Labour History: A Journal of Labour and Social History

Mutualism beyond the “Mutual”: The Collective Development of a New Zealand Single Industry Town Hospital

Labour History: A Journal of Labour and Social History (2017), 112, (1), 45–60.


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This paper discusses mutualism and its links to labourism. It is argued that rather than being contradictory, mutualism is incorporated into union activities in a range of ways beyond formal mutual and cooperative institutions, dependent on contextual differences in the labour movement. Using the case of mutual union and company involvement in the development of a public hospital in a single industry town in New Zealand during the 1960s and 1970s, we find evidence that the goals of management and the unions converged despite tensions at the site of production, and notions of cooperation for the benefit of workers and the wider community were brought to bear. As the workplace was an essential part of the town, the union’s interests were not limited to the workplace, but formed part of the social fabric of the town. Through this case, we see that engaging in mutualistic activities does not always demonstrate a weakening union agenda, but rather a method unions may employ towards improved worker welfare. Additionally, this example reminds us that union members are members of wider communities, families and societies, and that the boundaries between worker welfare in the workplace and those outside the workplace are not always easily drawn.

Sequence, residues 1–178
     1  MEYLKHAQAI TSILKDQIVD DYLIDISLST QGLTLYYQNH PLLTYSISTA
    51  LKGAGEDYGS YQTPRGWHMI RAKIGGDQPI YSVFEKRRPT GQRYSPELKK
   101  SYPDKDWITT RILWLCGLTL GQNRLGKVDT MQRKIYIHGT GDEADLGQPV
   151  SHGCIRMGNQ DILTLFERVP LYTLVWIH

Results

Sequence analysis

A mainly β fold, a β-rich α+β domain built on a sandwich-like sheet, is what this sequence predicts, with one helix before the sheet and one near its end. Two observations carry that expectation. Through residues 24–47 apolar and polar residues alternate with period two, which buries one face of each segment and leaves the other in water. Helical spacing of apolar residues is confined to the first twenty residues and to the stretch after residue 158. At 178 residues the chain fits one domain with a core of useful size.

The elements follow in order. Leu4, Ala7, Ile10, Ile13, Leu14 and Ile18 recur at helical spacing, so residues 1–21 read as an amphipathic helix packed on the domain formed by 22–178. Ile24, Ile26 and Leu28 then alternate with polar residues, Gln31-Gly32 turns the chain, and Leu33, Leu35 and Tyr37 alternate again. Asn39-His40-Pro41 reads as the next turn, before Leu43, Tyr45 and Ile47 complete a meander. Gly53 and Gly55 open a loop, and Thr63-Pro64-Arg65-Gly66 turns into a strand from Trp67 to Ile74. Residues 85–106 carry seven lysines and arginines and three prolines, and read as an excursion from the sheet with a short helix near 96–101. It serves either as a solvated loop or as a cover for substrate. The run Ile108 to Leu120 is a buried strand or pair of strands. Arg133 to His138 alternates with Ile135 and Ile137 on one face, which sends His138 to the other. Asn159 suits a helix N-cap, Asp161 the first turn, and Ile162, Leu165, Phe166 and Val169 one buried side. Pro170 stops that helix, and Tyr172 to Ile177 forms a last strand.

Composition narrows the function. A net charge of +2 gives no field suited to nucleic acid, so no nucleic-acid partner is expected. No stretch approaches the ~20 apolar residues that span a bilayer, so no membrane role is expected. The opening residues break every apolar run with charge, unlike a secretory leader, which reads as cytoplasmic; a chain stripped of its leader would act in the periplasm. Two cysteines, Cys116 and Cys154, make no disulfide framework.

Footnotes

*The authors would like to thank Labour History’s two anonymous referees, the editors of this thematic, and the other participants of the associated workshop held at Macquarie University. Google Scholar

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Author details

Hurd, Fiona

Dyer, Suzette